Published: Jan 1994
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This study established the cumulative incidence per season of ball carrier spearing and concurrent defensive spearing by tacklers for a New Jersey high school football season. Spearing (flexing the neck and initiating contact with the top of the helmet) is a significant cause of injury to the head and neck in football. To reduce the risk of head and neck injuries in football all types of spearing must be explored. Nine game films from the 1989 football season were viewed to determine the incidence of ball carrier spearing and concurrent defensive spearing. There were 167 incidents of ball carrier spearing (1 per 5.1 plays) and 72 incidents of concurrent defensive spearing (1 per 2.3 ball carrier spears). Officials can now penalize any player who initiates contact with his head. However, there were no spearing penalties called throughout the 1989 season. This study detected a surprisingly high cumulative incidence of ball carrier spearing and concurrent defensive spearing, along with poor enforcement of the spearing rule. To further reduce the risk of head and neck injuries officials should acknowledge ball carrier spearing as a rule infraction and enforce existing spearing rules during the tackling process. Coaches also should teach and drill correct technique with ball carriers, tacklers, and blockers throughout the season.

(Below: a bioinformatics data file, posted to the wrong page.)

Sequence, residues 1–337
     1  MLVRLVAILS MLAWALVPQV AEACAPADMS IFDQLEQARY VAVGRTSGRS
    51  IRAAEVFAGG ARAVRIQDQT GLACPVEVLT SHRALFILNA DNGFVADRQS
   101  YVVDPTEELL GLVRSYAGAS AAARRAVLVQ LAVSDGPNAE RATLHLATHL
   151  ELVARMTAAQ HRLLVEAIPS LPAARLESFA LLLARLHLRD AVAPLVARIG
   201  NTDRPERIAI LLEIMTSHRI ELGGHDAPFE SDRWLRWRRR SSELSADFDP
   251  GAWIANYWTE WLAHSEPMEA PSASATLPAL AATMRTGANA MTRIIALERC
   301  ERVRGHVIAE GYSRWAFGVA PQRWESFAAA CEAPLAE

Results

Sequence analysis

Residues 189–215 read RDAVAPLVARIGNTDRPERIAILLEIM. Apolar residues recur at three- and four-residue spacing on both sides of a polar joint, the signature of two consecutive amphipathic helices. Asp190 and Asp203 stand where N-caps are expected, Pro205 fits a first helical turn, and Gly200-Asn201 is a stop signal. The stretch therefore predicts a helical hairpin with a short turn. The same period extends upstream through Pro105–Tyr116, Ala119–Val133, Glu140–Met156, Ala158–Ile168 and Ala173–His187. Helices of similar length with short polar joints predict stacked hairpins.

ball carrier spearing, concurrent defensive spearing, head down, spearing, tackling process
Head Athletic Trainer, Stockton State College, Pomona, NJ